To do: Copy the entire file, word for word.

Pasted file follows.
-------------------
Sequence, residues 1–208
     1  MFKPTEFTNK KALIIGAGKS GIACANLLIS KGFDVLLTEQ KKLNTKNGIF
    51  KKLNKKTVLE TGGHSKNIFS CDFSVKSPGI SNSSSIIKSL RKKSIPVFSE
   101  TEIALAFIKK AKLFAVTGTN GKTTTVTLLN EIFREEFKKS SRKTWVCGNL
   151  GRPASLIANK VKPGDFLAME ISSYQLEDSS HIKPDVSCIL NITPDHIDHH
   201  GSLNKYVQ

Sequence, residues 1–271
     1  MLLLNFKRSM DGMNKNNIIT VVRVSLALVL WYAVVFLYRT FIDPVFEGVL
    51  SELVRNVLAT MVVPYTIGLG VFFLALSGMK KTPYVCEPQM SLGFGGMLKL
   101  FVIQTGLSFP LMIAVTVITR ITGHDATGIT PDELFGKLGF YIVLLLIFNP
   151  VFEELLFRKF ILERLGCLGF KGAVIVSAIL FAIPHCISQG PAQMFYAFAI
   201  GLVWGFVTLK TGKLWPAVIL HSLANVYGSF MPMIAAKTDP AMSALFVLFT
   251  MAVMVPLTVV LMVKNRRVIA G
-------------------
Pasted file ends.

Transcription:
Sequence, residues 1–208
     1  MFKPTEFTNK KALIIGAGKS GIACANLLIS KGFDVLLTEQ KKLNTKNGIF
    51  KKLNKKTVLE TGGHSKNIFS CDFSVKSPGI SNSSSIIKSL RKKSIPVFSE
   101  TEIALAFIKK AKLFAVTGTN GKTTTVTLLN EIFREEFKKS SRKTWVCGNL
   151  GRPASLIANK VKPGDFLAME ISSYQLEDSS HIKPDVSCIL NITPDHIDHH
   201  GSLNKYVQ

Sequence, residues 1–271
     1  MLLLNFKRSM DGMNKNNIIT VVRVSLALVL WYAVVFLYRT FIDPVFEGVL
    51  SELVRNVLAT MVVPYTIGLG VFFLALSGMK KTPYVCEPQM SLGFGGMLKL
   101  FVIQTGLSFP LMIAVTVITR ITGHDATGIT PDELFGKLGF YIVLLLIFNP
   151  VFEELLFRKF ILERLGCLGF KGAVIVSAIL FAIPHCISQG PAQMFYAFAI
   201  GLVWGFVTLK TGKLWPAVIL HSLANVYGSF MPMIAAKTDP AMSALFVLFT
   251  MAVMVPLTVV LMVKNRRVIA G